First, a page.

The United States has imposed potentially hard-hitting economic sanctions on Venezuela, barring banks from any new financial dealings with the government or state-run oil company PDVSA.
The White House on Friday announced President Donald Trump had signed an executive order “imposing strong, new financial sanctions” on the government of Venezuela.
“The president’s new action prohibits dealings in new debt and equity issued by the government of Venezuela and its state oil company,” it said in a statement.
“It also prohibits dealings in certain existing bonds owned by the Venezuelan public sector, as well as dividend payments to the government of Venezuela,” it added.
The White House said that the measures “are carefully calibrated” to deny the government of President Nicolas Maduro “a critical source of financing to maintain its illegitimate rule, protect the United States financial system from complicity in Venezuela’s corruption and in the impoverishment of the Venezuelan people, and allow for humanitarian assistance.”
Maduro vows powerful response
Reacting to the US move, Maduro said that he will respond with “strength and dignity,” adding that he would announce measures to combat the “blockade” in a televised appearance later.
“We’ll have to endure sacrifices but we must safeguard the country and sovereign motherland in order to break the blockade,” the Venezuelan president said on Friday.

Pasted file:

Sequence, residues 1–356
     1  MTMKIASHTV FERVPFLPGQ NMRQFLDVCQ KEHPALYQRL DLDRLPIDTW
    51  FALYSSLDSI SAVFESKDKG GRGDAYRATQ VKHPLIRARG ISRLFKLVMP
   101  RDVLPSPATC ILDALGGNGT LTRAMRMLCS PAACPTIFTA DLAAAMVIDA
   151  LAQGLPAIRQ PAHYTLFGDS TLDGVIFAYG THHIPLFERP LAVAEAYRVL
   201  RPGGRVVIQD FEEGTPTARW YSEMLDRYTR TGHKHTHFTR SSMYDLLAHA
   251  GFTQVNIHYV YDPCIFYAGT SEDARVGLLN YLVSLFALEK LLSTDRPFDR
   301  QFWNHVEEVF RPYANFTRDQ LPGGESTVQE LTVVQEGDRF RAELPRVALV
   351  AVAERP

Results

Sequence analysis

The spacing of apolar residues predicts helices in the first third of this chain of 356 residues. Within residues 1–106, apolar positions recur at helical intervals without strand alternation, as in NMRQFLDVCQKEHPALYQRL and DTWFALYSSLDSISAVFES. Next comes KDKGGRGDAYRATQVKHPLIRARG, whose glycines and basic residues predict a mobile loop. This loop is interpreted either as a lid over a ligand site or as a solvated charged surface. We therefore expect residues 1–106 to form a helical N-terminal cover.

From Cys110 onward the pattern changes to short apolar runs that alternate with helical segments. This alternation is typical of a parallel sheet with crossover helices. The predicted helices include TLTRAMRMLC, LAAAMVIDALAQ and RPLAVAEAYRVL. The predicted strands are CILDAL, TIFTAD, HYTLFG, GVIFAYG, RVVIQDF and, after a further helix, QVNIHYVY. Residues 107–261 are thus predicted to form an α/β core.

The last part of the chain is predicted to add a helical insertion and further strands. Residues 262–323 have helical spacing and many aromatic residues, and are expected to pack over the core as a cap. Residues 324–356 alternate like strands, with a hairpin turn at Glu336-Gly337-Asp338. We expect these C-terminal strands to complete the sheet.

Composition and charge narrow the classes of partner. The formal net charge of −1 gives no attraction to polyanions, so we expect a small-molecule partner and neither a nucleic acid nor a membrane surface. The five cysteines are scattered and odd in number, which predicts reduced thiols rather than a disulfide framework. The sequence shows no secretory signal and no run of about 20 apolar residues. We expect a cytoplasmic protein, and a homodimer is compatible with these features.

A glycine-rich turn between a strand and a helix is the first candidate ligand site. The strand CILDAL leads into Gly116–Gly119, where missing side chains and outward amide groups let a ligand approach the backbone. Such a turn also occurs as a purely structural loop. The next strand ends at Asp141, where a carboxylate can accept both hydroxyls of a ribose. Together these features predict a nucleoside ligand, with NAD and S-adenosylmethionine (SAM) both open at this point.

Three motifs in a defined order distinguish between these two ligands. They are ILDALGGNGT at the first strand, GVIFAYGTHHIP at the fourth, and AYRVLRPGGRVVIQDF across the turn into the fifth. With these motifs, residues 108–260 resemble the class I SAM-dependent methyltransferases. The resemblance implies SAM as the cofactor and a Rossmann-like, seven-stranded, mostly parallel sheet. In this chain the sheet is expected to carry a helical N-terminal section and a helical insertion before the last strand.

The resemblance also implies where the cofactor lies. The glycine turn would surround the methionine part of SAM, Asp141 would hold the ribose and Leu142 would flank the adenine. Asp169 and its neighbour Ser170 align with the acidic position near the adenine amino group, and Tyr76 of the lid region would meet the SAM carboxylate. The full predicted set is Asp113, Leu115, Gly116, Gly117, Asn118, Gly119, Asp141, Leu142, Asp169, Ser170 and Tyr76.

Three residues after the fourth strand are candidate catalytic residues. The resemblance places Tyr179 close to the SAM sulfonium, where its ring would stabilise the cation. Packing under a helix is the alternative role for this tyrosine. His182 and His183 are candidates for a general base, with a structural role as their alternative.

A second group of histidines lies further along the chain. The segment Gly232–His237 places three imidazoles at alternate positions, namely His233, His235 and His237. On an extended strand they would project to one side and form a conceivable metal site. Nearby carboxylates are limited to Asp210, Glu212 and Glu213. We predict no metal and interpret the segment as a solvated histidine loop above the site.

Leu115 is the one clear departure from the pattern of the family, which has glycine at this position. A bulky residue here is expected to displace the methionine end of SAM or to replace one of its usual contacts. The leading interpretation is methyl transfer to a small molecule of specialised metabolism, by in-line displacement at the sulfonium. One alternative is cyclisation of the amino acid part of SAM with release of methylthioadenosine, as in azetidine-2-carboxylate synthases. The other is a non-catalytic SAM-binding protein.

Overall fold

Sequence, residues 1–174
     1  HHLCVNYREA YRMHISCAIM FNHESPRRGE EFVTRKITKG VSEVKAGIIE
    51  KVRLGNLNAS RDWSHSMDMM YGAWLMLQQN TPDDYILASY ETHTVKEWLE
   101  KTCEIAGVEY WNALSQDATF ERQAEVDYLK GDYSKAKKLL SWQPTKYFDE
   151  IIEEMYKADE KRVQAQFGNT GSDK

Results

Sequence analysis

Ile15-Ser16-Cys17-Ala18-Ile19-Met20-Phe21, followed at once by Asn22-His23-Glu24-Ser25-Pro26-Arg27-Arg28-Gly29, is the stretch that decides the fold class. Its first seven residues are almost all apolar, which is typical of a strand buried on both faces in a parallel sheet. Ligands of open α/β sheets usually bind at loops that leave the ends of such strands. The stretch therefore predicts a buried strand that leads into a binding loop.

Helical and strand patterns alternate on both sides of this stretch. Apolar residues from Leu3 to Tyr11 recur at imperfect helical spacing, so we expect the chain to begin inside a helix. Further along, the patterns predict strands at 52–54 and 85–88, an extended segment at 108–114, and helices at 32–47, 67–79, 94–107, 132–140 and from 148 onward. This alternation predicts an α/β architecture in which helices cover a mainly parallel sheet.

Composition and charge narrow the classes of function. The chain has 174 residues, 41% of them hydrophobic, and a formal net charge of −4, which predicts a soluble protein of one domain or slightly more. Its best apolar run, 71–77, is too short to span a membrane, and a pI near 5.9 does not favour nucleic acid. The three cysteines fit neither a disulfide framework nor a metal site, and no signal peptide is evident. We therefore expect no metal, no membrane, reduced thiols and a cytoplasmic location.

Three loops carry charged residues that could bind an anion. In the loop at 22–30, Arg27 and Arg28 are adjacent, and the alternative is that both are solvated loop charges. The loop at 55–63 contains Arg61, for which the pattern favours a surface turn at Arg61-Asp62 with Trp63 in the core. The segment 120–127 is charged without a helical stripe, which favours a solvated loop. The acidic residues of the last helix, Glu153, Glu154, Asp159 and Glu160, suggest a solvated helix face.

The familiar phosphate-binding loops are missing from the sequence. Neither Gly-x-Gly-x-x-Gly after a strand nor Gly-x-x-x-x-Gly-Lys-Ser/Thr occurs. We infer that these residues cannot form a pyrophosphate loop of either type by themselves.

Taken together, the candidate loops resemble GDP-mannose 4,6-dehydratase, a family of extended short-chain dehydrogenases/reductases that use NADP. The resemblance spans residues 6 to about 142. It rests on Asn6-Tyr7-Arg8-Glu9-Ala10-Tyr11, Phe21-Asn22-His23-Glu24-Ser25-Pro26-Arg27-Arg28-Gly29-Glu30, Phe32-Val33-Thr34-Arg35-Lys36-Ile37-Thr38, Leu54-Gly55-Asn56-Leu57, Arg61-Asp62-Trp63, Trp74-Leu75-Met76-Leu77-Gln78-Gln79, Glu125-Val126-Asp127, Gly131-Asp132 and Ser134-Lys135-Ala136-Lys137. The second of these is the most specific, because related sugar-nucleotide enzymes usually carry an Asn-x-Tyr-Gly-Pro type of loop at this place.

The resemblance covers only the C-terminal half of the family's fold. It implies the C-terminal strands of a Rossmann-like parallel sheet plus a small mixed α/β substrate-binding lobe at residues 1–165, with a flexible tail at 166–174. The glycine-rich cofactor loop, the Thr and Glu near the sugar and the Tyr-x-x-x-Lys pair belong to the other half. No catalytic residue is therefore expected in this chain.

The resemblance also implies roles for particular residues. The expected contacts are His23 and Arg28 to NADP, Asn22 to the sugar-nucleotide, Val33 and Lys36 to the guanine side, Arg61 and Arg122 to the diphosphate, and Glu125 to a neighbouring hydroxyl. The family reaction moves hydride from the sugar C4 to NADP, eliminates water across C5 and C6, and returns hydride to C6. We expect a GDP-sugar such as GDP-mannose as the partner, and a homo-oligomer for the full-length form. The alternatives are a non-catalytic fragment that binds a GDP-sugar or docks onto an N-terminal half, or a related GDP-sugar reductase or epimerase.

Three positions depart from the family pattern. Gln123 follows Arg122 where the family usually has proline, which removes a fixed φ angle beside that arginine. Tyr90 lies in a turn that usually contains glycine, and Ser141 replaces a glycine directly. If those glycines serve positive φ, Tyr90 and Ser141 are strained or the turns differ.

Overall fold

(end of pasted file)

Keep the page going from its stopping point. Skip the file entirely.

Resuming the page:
US sanctions ‘worst aggression’ against Venezuela
Venezuela’s Foreign Minister Jorge Arreaza denounced the new US sanctions as the “worst aggression” against the Venezuelan people.
He said on Friday that Washington was trying to stoke a humanitarian crisis in the South American nation. He described the US threats as uncivilized policies.
“We don’t understand it,” Arreaza said after he held talks with UN Secretary General Antonio Guterres.
The new measures announced by the White House prohibit business dealings with the government of Venezuela and its state oil giant, the cash-cow of the country. It also bars dealings in certain existing bonds owned by the Venezuelan public sector.
Venezuela has been reeling from unrest for several months in a crisis caused by political disagreements — including on the formation of the National Constituent Assembly — and shortages of food and medicine and hyperinflation.
The opposition says the government of Maduro is to blame for the crisis, but the government accuses foreign powers and “right-wing terrorists” for the unrest.
Maduro insists that a new constitution is needed “to restore peace,” stop the opposition from carrying out a “coup d’etat,” and address social and economic problems of the country.
He has repeatedly condemned what he calls “imperialist meddling” by the United States.
On Wednesday afternoon, US Vice President Mike Pence said the United States will use “economic and diplomatic power” to restore democracy in Venezuela.
Last week, President Donald Trump told reporters a “military operation, a military option, is certainly something we could pursue” in Venezuela.
The Venezuelan foreign minister said the United States would experience 15 times as many difficulties as it suffered in the Vietnam War if it attacked his country.
The US has already imposed sanctions on Venezuela following the oil-rich nation’s election of the new assembly tasked with rewriting the constitution.
The powerful 545-seat Constituent Assembly, with the principal task of rewriting the 1999 constitution, started its work on Friday, following an election which was held amid a wave of deadly clashes and violence, with protesters attacking polling stations and barricading streets.
At least 125 people have died over the past four months in Venezuela during riots and violent demonstrations against the government.